From Google.

O God our Father, you alone are the Holy One, you alone are Good! You alone are the one who wishes and looks only for what is good in us despite our sinfulness. Your words today are very loud and clear:

“Do I indeed derive any pleasure from the death of the wicked,” says the Lord God. “Do I not rather rejoice when he turns from his evil way that he may live?”

Ezekiel 18:23

In this blessed season of Lent, help us to be good by thinking what is good, seeing what is good, saying what is good, and doing what is good.

Let us be good always in every here and now. Help us let go of the past, thinking how sinful we have been. Or, in a similar manner, claiming how good we have been. So often, we always live in the past than in the present where you are always found.

One thing so good with you dear God is your “poor memory” of our past sins! And so, bless us to always make every effort to be good and make good our relationship with you in others in every present moment so we stop harking back into the past.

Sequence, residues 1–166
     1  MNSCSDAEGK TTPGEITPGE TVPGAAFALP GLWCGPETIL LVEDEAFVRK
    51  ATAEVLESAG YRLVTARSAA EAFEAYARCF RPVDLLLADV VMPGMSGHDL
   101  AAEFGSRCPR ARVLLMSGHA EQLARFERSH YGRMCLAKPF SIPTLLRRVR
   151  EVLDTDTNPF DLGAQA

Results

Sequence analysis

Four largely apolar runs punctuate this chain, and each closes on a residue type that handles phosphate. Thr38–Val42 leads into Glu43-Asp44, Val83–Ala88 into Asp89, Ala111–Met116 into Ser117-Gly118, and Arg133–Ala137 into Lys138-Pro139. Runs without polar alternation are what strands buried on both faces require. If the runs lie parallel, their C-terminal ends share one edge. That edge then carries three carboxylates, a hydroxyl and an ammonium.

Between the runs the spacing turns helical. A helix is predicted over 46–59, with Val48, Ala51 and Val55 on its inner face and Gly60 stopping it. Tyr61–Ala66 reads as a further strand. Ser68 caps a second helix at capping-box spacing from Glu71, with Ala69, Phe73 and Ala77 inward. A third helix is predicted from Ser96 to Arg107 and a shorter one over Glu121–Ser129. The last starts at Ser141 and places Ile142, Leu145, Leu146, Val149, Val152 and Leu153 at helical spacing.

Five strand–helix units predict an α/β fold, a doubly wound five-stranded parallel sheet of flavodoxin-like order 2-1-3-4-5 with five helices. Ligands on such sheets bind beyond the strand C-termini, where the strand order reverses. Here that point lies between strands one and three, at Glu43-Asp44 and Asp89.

You say, “The Lord’s way is not fair!” Hear now, house of Israel: Is it my way that is unfair, or rather, are not your ways unfair? When someone virtuous turns away from virtue to commit iniquity, and dies, it is because of the iniquity he committed that he must die. But if the wicked, turning from the wickedness he has committed, does what is right and just, he shall preserve his life since he has turned away from all the sins that he committed. He shall surely live, he shall not die.”

Ezekiel 18:25-28

Let me choose you always, dear God, to relate with you in the present moment each day in love and kindness. Let it start right here inside my heart where I choose to be good in thoughts and intentions, words and actions. Through Jesus Christ your Son and our Lord, let me not reject you by turning away from my brothers and sisters for that is not the kind of worship you want; let every good begin right inside me, within my heart and not from the outside that can always be faked just to look good. Amen.

From Google.